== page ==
On Tuesday, a painting by Pablo Picasso sold for $106.5 million at a
Christie's auction to an unidentified buyer. The painting, a 1932 oil
work called Nude, Green Leaves and Bust
is now the most expensive piece of art ever to be sold at auction. The
sale might give the lie to reports of an enervated art market, but
bloggers seem more interested in sneering at whichever moneyed patron
paid a hundred million dollars for an apparently unexceptional work.
- Not Actually a Groundbreaking Painting The New York Times' Holland Cotter
points out that while Picasso made plenty of vital, challenging
canvases, this one finds the artist working well within his comfort zone.
Picasso's paintings from this period "keep old orders firm, artist over
subject, man over woman, woman as thing, a pink blob with closed eyes,"
Colland writes. Not only that, but the historic sale itself isn't even
very earth-shaking: "These days, there's so much money in so many
hands, and so many of those hands are after trophy art, that
record-breaking has become routine, de rigueur."
- Just an Ego Boost for the Buyer, concurs Reuters's Felix Salmon.
"At these levels, buying art becomes trophy-hunting, a silly
competition to see who can spend the most money," he sniffs. "The main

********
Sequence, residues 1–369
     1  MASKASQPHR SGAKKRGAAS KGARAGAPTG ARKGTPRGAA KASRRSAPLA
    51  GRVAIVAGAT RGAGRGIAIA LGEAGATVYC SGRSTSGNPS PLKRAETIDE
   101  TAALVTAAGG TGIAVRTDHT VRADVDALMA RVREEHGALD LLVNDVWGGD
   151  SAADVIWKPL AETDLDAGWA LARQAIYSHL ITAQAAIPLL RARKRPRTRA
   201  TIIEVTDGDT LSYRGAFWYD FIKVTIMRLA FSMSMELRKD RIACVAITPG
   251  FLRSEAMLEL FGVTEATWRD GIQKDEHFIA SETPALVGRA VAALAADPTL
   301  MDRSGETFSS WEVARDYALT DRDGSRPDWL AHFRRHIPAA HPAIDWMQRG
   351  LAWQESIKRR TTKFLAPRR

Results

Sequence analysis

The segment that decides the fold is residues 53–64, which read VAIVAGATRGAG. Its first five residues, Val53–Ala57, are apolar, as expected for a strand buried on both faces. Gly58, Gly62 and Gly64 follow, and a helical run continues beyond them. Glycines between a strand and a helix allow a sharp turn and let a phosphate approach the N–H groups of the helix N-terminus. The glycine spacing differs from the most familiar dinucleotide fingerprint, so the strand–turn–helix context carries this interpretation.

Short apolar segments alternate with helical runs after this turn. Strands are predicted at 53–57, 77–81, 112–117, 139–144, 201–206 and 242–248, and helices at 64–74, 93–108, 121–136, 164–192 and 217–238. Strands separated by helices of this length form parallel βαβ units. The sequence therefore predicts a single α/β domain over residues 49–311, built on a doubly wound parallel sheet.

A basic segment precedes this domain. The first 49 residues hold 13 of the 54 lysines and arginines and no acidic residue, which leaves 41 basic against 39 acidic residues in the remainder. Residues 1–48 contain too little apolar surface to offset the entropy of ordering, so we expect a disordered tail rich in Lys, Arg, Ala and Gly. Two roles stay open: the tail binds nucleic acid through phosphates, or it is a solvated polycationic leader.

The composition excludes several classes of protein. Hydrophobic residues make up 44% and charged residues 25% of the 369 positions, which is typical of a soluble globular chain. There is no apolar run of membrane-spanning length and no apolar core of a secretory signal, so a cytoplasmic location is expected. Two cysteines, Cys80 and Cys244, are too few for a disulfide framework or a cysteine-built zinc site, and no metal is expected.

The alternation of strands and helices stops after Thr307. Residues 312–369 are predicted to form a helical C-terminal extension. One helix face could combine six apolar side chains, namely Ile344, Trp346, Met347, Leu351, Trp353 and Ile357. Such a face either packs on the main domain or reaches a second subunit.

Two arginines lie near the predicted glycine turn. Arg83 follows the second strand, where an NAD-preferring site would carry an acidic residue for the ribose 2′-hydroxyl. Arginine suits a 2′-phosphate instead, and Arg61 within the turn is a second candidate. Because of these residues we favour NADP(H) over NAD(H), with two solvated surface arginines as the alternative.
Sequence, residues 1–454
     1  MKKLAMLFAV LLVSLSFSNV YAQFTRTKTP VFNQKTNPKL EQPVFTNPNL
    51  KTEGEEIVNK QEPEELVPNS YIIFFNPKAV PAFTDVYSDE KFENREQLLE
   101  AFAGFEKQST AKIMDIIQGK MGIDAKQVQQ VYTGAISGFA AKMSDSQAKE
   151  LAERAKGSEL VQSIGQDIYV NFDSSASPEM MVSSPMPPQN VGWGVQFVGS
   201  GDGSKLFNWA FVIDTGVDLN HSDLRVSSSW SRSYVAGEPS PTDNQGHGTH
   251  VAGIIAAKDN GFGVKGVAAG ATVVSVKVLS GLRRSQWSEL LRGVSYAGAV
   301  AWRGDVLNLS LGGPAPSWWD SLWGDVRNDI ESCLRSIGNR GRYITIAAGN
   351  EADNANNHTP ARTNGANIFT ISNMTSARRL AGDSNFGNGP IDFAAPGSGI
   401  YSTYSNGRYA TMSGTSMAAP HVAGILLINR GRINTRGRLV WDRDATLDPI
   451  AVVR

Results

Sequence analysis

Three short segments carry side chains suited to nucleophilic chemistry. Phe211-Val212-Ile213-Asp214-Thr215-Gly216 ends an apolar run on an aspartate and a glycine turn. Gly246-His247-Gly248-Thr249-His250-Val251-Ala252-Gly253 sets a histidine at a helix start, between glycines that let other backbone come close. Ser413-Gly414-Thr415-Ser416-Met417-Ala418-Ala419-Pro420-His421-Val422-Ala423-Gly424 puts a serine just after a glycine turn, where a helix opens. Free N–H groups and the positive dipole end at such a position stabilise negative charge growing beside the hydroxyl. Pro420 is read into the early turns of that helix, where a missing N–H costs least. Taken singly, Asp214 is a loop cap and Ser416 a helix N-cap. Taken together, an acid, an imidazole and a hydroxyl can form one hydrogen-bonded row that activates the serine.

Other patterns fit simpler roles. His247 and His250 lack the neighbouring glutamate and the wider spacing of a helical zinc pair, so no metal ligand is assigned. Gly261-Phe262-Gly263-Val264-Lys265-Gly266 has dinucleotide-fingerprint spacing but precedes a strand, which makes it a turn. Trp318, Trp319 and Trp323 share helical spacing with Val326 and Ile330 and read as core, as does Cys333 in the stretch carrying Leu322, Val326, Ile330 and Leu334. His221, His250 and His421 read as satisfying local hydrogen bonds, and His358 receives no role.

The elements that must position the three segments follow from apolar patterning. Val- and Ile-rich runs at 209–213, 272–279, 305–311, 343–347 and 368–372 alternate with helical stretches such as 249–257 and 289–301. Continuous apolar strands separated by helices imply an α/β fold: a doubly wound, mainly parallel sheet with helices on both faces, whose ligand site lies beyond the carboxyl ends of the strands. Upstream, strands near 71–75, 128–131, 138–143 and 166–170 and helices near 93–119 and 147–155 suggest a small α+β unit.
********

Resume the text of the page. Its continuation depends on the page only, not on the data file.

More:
reason for the price is not quality but size: the painting is a good 20
square feet, much larger than any of Picasso's cubist masterworks. The
painting is instantly recognizable as a big Picasso, and it will surely
make its buyer feel very rich and powerful every time he sees it. But
the price has nothing to do with quality."
- 'Worth More Than Some GDPs' At ShortFormBlog, Ernie Smith
is typically irreverent: "$106.5 million for Picasso's 'Nu au Plateau
de Sculpteur (Nude, Green Leaves and Bust),' which is the most any rich
jerk has ever paid for a painting in the history of ever."
Pornography! In a pre-auction write-up, and one of a relative handful
of stories to actually focus on the painting, the Los Angeles Times'
Christopher Knight sketches a deft analysis of the painting's erotic
symbolism, from its less-than-subtle anatomical signifiers to its
classical and biblical allusions. As Knight explains, Nude "is from the
artist's great Dirty Old Man period -- which is to say, most everything
he made after the age of about 19."
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